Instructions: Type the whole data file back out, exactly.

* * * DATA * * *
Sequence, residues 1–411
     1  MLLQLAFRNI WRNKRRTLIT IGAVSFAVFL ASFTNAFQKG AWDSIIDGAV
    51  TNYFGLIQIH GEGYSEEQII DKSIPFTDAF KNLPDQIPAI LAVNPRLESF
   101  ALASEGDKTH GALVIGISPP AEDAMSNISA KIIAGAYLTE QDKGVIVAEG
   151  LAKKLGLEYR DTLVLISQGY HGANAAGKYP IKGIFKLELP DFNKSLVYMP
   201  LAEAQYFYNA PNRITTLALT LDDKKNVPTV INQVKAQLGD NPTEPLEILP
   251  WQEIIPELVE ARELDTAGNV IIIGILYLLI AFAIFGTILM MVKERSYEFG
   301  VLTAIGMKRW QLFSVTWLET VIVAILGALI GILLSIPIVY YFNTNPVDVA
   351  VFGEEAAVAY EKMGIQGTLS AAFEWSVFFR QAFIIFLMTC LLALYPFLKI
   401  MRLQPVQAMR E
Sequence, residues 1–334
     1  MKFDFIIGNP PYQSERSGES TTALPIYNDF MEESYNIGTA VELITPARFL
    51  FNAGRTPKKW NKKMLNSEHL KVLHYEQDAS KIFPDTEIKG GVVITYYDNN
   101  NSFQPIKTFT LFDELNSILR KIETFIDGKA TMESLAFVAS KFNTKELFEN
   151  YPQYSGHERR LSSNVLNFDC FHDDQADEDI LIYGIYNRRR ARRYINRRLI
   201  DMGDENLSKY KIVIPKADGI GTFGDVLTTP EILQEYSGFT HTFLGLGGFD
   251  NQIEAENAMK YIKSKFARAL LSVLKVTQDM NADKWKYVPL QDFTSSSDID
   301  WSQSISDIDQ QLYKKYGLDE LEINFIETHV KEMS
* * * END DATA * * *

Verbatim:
Sequence, residues 1–411
     1  MLLQLAFRNI WRNKRRTLIT IGAVSFAVFL ASFTNAFQKG AWDSIIDGAV
    51  TNYFGLIQIH GEGYSEEQII DKSIPFTDAF KNLPDQIPAI LAVNPRLESF
   101  ALASEGDKTH GALVIGISPP AEDAMSNISA KIIAGAYLTE QDKGVIVAEG
   151  LAKKLGLEYR DTLVLISQGY HGANAAGKYP IKGIFKLELP DFNKSLVYMP
   201  LAEAQYFYNA PNRITTLALT LDDKKNVPTV INQVKAQLGD NPTEPLEILP
   251  WQEIIPELVE ARELDTAGNV IIIGILYLLI AFAIFGTILM MVKERSYEFG
   301  VLTAIGMKRW QLFSVTWLET VIVAILGALI GILLSIPIVY YFNTNPVDVA
   351  VFGEEAAVAY EKMGIQGTLS AAFEWSVFFR QAFIIFLMTC LLALYPFLKI
   401  MRLQPVQAMR E
Sequence, residues 1–334
     1  MKFDFIIGNP PYQSERSGES TTALPIYNDF MEESYNIGTA VELITPARFL
    51  FNAGRTPKKW NKKMLNSEHL KVLHYEQDAS KIFPDTEIKG GVVITYYDNN
   101  NSFQPIKTFT LFDELNSILR KIETFIDGKA TMESLAFVAS KFNTKELFEN
   151  YPQYSGHERR LSSNVLNFDC FHDDQADEDI LIYGIYNRRR ARRYINRRLI
   201  DMGDENLSKY KIVIPKADGI GTFGDVLTTP EILQEYSGFT HTFLGLGGFD
   251  NQIEAENAMK YIKSKFARAL LSVLKVTQDM NADKWKYVPL QDFTSSSDID
   301  WSQSISDIDQ QLYKKYGLDE LEINFIETHV KEMS